Financial Stress and the Holidays: Mindful spending strategies

link to article about financial stress during the holidays

therapist Mariah HudlerBy Mariah Hudler, LCSW

In Midtown Sacramento

October 16, 2019

Financial Stress and the Holidays:
Mindful Spending Strategies

The holidays are quickly approaching, as evidenced by offerings of speciality lattes and decorations available to consumers in these early days of October! Holidays are meant to create and share joy but can also be a source of financial stress. According to the National Retail Federation (NRF), Americans spent over $700 billion dollars during the holiday season (comprised of November and December) in 2018. These numbers do not include money spent on food, baking or travel.  For some, spending can result in debt. According to a survey by MagnifyMoney, consumers added $1,230 in debt during the 2018 holiday season, compared with $1,054 in 2017. 

Now that we have identified pertinent statistics, take a moment to reflect on past years and how you felt after the holiday season. Were you happy you underspent? Were you satisfied with your spending or did you feel remorse for overspending? If you placed yourself or your loved one in the latter two questions you likely experienced financial stress which we will define for this article as causing feelings of fear, worry or regret related to your finances. Financial stress can steal the joy and cheer from the holiday season. It may start small but result in stress during the holidays or depression once they are over. However, there are ways to counter this stress and still enjoy your holidays. 

As you sip your speciality latte (pumpkin spice for me), take the time to think about this holiday season and be prepared. Below are 3 spending strategies to help make your holiday season as financially stress free as possible. 

  1. Make a plan! Decide ahead of time how, when, and where you will spend your money. For example, a lot of Americans put together a list for their holiday cards. Why not put together a list of everything you anticipate to spend on (food, gifts, parties, decorations) and associated costs. A simple excel sheet is all that is needed. Identify who or what and how much will be reasonable amount to spend.  Knowledge is power. Doing this now gives you a road map of where to drive your money. If you are unsure what is reasonable or have not set out a budget, make a date with yourself, a friend, or your partner to outline your why during the holiday season. Mindfully reflect on what matters. Is it to serve? Is it to spend time with family and friends? Is it to practice minimalism? Is it religious or tradition? Discuss and agree how much is reasonable to spend or generate ideas for non-monetary gifts or opt for gift exchanges or draws to make the cost more affordable.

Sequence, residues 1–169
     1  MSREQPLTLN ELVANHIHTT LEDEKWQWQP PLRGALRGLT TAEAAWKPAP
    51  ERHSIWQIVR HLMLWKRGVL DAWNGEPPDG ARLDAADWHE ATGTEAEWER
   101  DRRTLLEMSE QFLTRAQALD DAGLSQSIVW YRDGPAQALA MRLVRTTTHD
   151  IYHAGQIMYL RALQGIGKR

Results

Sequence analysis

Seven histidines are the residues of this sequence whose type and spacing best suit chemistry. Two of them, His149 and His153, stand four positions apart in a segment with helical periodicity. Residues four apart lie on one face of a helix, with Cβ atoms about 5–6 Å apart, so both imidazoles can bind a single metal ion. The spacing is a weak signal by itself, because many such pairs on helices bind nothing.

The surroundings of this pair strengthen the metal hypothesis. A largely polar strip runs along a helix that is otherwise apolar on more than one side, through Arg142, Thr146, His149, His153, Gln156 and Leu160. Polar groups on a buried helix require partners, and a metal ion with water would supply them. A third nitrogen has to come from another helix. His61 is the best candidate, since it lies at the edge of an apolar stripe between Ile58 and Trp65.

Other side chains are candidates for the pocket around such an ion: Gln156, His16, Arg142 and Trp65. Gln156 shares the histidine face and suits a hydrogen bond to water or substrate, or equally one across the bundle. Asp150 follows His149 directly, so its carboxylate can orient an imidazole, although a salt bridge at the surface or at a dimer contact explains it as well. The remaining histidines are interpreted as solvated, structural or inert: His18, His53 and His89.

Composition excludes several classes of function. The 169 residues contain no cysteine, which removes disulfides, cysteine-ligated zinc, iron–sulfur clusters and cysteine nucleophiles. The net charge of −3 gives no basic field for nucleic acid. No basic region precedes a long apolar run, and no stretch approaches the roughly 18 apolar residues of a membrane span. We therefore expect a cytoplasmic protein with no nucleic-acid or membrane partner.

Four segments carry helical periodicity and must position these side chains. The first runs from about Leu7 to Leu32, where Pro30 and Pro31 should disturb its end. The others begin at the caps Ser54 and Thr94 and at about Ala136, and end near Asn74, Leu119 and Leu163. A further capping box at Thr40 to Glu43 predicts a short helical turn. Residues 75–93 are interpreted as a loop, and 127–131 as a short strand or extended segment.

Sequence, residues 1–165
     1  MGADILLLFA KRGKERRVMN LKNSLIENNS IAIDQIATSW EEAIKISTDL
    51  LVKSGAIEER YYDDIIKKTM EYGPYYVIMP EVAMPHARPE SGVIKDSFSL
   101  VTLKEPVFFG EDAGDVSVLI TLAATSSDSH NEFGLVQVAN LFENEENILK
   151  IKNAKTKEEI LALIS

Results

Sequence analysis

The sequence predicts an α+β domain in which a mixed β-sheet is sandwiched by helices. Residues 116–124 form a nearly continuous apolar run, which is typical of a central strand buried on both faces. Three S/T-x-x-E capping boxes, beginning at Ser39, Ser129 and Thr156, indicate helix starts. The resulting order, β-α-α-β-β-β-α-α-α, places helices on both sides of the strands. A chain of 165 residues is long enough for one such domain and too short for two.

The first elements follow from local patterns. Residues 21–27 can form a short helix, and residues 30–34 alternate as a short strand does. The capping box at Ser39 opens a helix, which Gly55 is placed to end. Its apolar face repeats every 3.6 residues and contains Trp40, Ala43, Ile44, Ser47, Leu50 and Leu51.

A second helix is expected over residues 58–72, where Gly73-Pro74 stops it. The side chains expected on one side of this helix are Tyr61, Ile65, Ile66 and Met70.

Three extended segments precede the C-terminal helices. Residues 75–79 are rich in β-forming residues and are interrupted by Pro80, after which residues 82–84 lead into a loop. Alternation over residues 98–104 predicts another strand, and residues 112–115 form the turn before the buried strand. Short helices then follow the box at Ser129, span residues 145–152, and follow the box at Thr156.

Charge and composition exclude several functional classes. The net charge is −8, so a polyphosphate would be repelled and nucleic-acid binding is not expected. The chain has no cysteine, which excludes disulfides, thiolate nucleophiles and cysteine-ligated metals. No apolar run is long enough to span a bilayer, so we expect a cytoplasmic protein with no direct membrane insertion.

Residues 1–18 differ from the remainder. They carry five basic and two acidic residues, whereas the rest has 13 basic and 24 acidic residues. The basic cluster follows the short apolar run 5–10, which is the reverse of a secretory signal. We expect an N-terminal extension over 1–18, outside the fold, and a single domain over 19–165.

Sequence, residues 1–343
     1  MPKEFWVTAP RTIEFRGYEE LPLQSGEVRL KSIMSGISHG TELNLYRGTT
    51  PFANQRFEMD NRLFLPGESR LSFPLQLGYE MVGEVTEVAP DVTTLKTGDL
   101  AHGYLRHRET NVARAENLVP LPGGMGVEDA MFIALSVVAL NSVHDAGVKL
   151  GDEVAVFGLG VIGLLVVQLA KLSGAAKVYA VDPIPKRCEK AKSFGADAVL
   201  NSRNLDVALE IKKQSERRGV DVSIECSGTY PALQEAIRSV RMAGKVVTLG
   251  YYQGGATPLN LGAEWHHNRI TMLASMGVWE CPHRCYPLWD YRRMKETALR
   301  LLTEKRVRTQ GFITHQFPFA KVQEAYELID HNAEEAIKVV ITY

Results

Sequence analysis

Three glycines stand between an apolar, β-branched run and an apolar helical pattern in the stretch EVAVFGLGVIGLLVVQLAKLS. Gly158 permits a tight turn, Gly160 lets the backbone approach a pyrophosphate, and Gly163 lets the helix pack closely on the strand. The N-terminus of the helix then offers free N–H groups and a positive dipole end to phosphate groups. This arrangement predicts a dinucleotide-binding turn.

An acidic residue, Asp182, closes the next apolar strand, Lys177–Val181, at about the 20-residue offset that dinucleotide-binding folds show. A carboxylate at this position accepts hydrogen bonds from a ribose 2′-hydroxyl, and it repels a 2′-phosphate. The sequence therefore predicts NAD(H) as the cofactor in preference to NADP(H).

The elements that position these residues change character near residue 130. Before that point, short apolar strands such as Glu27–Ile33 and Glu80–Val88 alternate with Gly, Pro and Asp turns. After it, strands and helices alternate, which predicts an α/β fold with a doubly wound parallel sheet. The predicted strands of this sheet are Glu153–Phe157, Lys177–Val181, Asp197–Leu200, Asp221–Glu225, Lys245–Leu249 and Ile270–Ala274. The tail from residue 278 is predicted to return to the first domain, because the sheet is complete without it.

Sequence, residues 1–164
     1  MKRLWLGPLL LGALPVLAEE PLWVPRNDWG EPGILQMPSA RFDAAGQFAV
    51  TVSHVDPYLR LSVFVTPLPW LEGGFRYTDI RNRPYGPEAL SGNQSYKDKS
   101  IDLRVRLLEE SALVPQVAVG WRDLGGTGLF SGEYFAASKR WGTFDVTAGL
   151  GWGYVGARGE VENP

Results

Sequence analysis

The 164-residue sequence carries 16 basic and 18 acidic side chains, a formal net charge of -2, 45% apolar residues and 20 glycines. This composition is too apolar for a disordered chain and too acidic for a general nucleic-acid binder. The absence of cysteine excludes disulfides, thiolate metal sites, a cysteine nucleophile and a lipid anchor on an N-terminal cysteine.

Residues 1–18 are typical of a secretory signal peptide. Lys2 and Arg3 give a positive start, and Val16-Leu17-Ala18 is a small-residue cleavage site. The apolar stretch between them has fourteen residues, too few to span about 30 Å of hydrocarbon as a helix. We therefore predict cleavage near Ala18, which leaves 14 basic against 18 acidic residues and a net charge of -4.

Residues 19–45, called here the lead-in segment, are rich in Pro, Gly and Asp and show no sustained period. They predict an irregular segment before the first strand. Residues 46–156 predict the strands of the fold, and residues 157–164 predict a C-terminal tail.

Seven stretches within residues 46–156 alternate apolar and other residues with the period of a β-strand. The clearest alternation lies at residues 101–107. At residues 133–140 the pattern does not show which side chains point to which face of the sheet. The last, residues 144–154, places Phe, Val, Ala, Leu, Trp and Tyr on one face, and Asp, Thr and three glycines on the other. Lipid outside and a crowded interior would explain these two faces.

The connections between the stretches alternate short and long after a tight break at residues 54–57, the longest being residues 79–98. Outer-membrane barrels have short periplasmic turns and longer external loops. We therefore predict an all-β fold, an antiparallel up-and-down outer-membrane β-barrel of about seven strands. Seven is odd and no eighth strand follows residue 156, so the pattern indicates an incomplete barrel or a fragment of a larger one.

2. Once you have a plan in place, you need to implement it! A byproduct of your plan is that you already outlined your financial boundaries for this holiday season – the why, how, when and where. Well done! A lot of my work as a financial therapist includes working with clients on boundaries. If you don’t have boundaries, you may feel drained, exhausted or overwhelmed. Having boundaries equals self-care, focus, truth, strength and respect. Let’s flesh this out. You are caring for yourself by identifying that the holidays can cause financial stress. You are focusing by identifying your values and how you want to implement them. Making a plan is a reflection of your financial truth and limitations. You are gaining strength by taking responsibility and communicating to others how and/or how much you will contribute. And, finally, you are earning respect from yourself and others by sticking to your plan. 
  3. Practice Mindfulness. Breathe, connect, stay present, reflect and most of all spread joy and cheer. The holiday season goes quickly and sometimes we forget to care for ourselves because we get out of our routines. As financial stress isn’t the only stress you may experience during the holiday season, remember to be good to yourself. Take 10-15 minutes daily (wake up earlier, incorporate it into your work day, exercise time, or into any existing routine) to do a mindful activity. My favorite quick one is to wrap my arms around myself, close my eyes, take a deep breath and hug myself!

About the author

Mariah Hudler, LCSWMariah is a Financial Therapist in Sacramento, California who works with individuals, couples and entrepreneurs set on improving their financial health. She is passionate about helping others to take mindful control of their finances. She does online or in-person counseling as well as group counseling. Join Mariah’s Festive Finances at Noon Group Therapy starting in early November. See for more information.  


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